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Ventilators – the difference between life and death in Coronavirus

Article-Ventilators – the difference between life and death in Coronavirus

For patients with the worst effects of Coronavirus, ventilators offer the best chance of survival.

According to the World Health Organization (WHO), one person in six can become seriously ill and can develop breathing difficulties due to Coronavirus. This has made ventilators critical as the devices have been successful in treating pneumonia, which causes inflammation in the lungs.

What does a ventilator do, and how does it help coronavirus sufferers?

According to the American Thoracic Society, a ventilator, also known as a mechanical ventilator, respirator, or a breathing machine, is a life support treatment that helps people breathe when they have difficulty breathing on their own. The machine pumps oxygen into the lungs and the body and helps to get rid of carbon dioxide through the lungs.

Simply put, a ventilator can help a patient by doing all or some of their breathing, and it’s better than a mask and other devices, as it can deliver higher levels of oxygen. The ventilator also has a humidifier, which adds heat and moisture to the medical air so that it can match the patient's body temperature.

In certain patients with COVID-19, the virus can cause pneumonia and severe inflammation. Therefore, the machine has become an important asset to combat Coronavirus, particularly among elderly and the immuno-compromised population, who could suffer respiratory troubles and multiple organ failure as the virus attacks the lungs.

A ventilator is connected to the patient through a tube placed into their mouth or nose and inserted into the windpipe. The process is referred to as intubation. In certain situations, patients may need to undergo surgery to have a hole made in their neck, and a tracheostomy or “trach” tube is inserted through the hole to the trachea. The ventilator then blows gas that consists of air, and oxygen if required into the lungs.

When treating a patient with COVID-19, a ventilator allows the medical team to support their breathing function. Reports have highlighted that even if the lung is failing, a ventilator could provide enough support and buy time for the medical team to help the patient overcome the infection, until the point where their lungs can regain function.

What are the risks of being on a ventilator?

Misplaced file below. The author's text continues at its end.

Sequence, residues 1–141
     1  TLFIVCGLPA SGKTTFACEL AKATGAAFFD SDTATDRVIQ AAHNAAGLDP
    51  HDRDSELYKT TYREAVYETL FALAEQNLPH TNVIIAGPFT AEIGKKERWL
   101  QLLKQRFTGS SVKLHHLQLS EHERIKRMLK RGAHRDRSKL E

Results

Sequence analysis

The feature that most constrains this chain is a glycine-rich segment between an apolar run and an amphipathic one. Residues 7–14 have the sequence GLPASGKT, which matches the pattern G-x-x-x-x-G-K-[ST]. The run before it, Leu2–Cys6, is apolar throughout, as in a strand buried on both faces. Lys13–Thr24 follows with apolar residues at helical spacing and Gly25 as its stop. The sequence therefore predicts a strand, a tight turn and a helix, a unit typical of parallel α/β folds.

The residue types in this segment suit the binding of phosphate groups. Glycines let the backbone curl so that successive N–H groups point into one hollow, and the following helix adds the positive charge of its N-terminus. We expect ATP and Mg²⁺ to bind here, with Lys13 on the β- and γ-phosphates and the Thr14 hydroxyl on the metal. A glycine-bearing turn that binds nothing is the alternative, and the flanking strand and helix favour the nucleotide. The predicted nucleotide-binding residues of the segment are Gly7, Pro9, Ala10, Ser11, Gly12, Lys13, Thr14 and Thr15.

However, a ventilator could cause damage to the lung tissue based on how much pressure is required to help oxygen get processed by the lungs. And patients with COVID-19 often require very high levels of pressure and oxygen as their lungs have increased inflammation.

One of the other risks associated with ventilators is that the tube carrying air and extra oxygen to the lungs might end up being a pathway for dangerous germs. It has been reported that several patients who have been on the ventilator have been exposed to a problem known as ventilator-associated pneumonia.

Some studies have also pointed out that people who are conscious while on the ventilator might experience feelings of panic and sometimes the pain from the tube makes it difficult for patients to relax. Moreover, those who are attached to ventilators for a week or two could suffer long-term physical, mental and emotional issues and may experience post-traumatic stress disorder.

What kind of care does a person need when on a ventilator?

While ventilator machines have been saving many lives of those infected with Coronavirus, it requires a qualified person to operate it. These machines are not only complicated to build and procure, but they are also quite difficult to run and maintain. And while there is much discussion around the dearth of machines, there is less dialogue on the shortage of professionals such as intensive care physicians, anesthesiologists, intensive care nurses, and respiratory therapists to manage ventilators.

The decision to put a patient on the machine is made when it is clear that the lungs have become too inflamed. The level of sedation varies from person to person. A study found that most patients preferred to remain conscious and that having attentive carers helped their perceptions of being on a ventilator.

As the pandemic spreads, will there be enough ventilators?

The rapidly growing shortage of ventilators has become a matter of concern. In the U.S., President Donald Trump has told manufacturers, such as Ford and General Motors, to start making ventilators.

Furthermore, University College London engineers have worked with clinicians and Mercedes Formula One to build the Continuous Positive Airway Pressure (CPAP) device. It is being trialled at several London hospitals and if all goes well, the Mercedes-AMG-HPP group can begin building up to 1,000 of the machines per day. The CPAP device has received approval from the Medicines and Healthcare products Regulatory Agency.

Moreover, a team of scientists and engineers from Oxford University and King's College London has unveiled a low-cost design, which it says could be quickly put into production.


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